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Standing up for what is right when Metro seats are scarce

By Robert Thomson
Washington Post Staff Writer
Friday, January 21, 2011; 11:40 AM

My exchange with a traveler about access to the priority seating near the center doors on Metrorail cars [Dr. Gridlock, Jan. 6] sparked quite a few responses.

Dear Dr. Gridlock:

Your point is well taken that if there is any doubt about a standee's "eligibility," the seat should be vacated. But this should go for all seats, not just designated seats, because there are far more "eligible" folks on the trains than there are designated seats.

I am grateful to all the people who have given me their seats on trains and buses over the years. I am glad there are some who are not so immersed in a hand-held device that they are oblivious to their immediate environment.

Alice Markham, Reston

DG: Markham makes the point that courtesy doesn't stem from an act of Congress. Metro is required by federal law to set aside certain seats for senior citizens and people with disabilities. It plasters advisories about that above the designated seats. But the need might be greater, especially in rush hour.

In one of its public education campaigns about priority seating, the transit authority offered some tips for riders. I like the phrasing of this one, because it doesn't refer to legal categories: "If someone needs a seat more than you, give it to them."

Other advice also is relevant, but a bit difficult to carry out in a car crowded with multi-taskers: "Pay attention to your surroundings" and "Don't get distracted by electronic devices or reading material."

Ask and receive?

Dear Dr. Gridlock:

As an octogenarian who, along with my wife, occasionally uses public transportation, including buses and Metrorail, I find that my wife can accurately predict who will give us a seat and who will blatantly ignore us for the coveted priority seats. I would suggest that young women are most likely; both younger and older men least prone to surrender their seats.

I often wonder whether able-bodied young people, for convenience in being close to the exit, sit in priority seats, while others do so only when no other seats are available. In either case, common courtesy dictates, whether required by law, that they relinquish their seats for the obviously elderly and disabled.

Nelson Marans, Silver Spring

DG: I suspect that people sit in the inward-facing seats because they are easy to exit when riding a crowded train. You don't have to say excuse me to the person in the aisle seat as you rise to leave. And you know we Metro riders hate to talk to one another if we don't have to. Riders can complete a rush hour trip without hearing any words other than "doors closing"!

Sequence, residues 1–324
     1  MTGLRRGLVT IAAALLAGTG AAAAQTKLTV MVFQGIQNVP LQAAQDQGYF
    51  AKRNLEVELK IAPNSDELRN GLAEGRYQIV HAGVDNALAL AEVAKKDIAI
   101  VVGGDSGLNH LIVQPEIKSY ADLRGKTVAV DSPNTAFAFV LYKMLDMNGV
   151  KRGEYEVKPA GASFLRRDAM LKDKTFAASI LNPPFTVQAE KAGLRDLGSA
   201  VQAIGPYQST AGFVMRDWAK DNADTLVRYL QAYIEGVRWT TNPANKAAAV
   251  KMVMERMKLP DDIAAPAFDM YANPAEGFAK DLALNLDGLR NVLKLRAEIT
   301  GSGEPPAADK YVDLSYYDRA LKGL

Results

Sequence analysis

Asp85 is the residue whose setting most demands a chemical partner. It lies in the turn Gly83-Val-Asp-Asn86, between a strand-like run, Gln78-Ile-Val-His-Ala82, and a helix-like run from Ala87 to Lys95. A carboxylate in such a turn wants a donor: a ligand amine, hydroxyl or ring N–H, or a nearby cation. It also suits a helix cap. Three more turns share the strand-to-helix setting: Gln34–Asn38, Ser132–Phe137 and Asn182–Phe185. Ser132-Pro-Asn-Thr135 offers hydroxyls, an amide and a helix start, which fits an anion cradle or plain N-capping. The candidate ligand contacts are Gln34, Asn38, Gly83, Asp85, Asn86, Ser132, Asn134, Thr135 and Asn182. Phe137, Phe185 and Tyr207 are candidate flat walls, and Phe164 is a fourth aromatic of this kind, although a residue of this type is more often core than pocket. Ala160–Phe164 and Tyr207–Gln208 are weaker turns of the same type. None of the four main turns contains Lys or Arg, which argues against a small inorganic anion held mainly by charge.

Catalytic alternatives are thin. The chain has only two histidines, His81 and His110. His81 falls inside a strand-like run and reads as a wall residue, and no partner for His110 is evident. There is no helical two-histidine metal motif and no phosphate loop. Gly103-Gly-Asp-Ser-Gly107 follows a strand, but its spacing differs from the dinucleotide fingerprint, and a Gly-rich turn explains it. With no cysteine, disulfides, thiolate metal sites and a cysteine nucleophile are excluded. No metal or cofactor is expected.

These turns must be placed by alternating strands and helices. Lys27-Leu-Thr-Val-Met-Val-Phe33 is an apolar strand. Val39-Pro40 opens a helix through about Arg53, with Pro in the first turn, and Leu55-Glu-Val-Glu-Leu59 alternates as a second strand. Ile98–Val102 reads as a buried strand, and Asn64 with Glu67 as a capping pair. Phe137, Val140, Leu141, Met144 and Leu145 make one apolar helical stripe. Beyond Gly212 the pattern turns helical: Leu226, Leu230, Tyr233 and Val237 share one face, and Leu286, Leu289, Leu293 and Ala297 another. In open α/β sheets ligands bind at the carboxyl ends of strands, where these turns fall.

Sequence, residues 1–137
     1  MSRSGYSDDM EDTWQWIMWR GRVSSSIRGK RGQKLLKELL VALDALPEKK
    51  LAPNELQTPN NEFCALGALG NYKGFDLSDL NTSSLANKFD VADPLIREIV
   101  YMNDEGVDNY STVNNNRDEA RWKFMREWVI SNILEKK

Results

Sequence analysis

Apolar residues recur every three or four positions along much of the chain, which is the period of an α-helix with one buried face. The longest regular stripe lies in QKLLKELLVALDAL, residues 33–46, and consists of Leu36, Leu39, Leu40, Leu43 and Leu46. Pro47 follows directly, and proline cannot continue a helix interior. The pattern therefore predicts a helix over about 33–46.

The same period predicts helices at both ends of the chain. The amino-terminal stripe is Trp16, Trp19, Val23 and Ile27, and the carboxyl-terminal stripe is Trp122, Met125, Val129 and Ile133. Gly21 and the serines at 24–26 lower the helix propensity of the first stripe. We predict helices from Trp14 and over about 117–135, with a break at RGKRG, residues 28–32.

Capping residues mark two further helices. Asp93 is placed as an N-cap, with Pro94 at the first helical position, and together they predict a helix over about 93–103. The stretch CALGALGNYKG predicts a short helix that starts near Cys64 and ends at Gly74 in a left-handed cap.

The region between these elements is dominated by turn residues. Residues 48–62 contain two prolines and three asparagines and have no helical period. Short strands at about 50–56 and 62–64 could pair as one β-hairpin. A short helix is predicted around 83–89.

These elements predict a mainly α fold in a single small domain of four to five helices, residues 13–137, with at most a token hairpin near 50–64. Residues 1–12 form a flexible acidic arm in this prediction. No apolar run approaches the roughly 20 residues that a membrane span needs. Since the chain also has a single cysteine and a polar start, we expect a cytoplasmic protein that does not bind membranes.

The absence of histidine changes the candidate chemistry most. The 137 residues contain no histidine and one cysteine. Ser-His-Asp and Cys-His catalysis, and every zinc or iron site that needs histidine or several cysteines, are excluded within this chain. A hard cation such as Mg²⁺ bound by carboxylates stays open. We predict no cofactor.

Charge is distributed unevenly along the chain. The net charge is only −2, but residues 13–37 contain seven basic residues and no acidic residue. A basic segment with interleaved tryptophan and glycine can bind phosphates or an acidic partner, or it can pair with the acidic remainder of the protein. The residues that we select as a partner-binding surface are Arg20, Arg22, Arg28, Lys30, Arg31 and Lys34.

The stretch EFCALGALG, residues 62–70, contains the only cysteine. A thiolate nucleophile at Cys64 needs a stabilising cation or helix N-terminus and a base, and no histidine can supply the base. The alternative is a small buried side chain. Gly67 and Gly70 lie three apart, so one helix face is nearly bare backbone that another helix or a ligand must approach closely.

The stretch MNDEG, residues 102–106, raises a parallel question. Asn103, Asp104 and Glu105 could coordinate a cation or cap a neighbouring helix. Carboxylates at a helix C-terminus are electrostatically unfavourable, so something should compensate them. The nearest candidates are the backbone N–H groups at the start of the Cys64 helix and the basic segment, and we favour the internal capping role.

The priority seats create a rare situation aboard Metro in which we must talk to one another. Someone either has to offer a seat or ask for it. Asking is the difficult part. "If you need a seat, don't be afraid to ask for one" - that's Metro's guidance to riders. But I often hear from the standees, deserving of a seat, who just wish that the able-bodied wouldn't sit there in the first place so they wouldn't have to ask.

Who's the sturdiest?

Many in this situation fear they're about to get into a conversation about who is more entitled to the seat. This writer, referring to the Jan. 6 letter from an older standee, points out something that the standees should keep in mind.

Dear Dr. Gridlock:

I just wanted to caution people against judging those occupying priority seating, much as one should not judge apparently able-bodied people using parking spots reserved for people with disabilities.

Disabilities, permanent or temporary, are not always visible and obvious. Moreover, they might be made more difficult for someone on a moving, jerky train or bus. A "sturdy-looking 20-something" might not be so sturdy.

R. Estes, Stevensville, Va.

DG: Good point, and it also explains why the law on priority seating is unenforceable. You won't see police conducting any sting operations to oust people from the seats, just as you won't see riders forced to wear placards or plates that mark them as disabled. Seat negotiations must be worked out rider to rider, with a little help from Metro's education campaign.

The right thing

These negotiations won't always work out perfectly. The good news, as the next letter shows, is that riders do think about their relationship with other riders.

Dear Dr. Gridlock:

I try not to sit in the priority seats if there is any alternative. For one thing, I can't relax if I think I might miss someone who clearly belongs in that seat. Also, occupying a regular seat, you might still find good reason to offer a seat to an elderly person standing, or one with crutches or a cane.

I have, however, backed off from offering a seat to someone of the age of the letter writer [59], who happens to be close to my own age. I have at times seen a commuter who appeared to wish for a seat, yet didn't seem especially old or disabled.

I could offer to stand but wouldn't want to insult someone by suggesting they are a senior before their time. Some days, I might be grateful for a seat from a younger person, and other times, I might feel like it means I look tired and old.

I would err on the side of vanity, ridiculous as that might sound to those who don't worry about such things. In the same way I have held off offering a seat to a very heavyset person, clearly my reason would be that they looked like they had trouble standing, but they might very well take offense at my offer.

Harise Poland-Wright,

Silver Spring

DG: Two good issues raised here on Metro etiquette. First, why sit in the priority seat if you don't have to? (I think many riders don't even look at the sign behind them.) But whether you're sitting or standing, how much profiling of your fellow riders for age and infirmity is reasonable?

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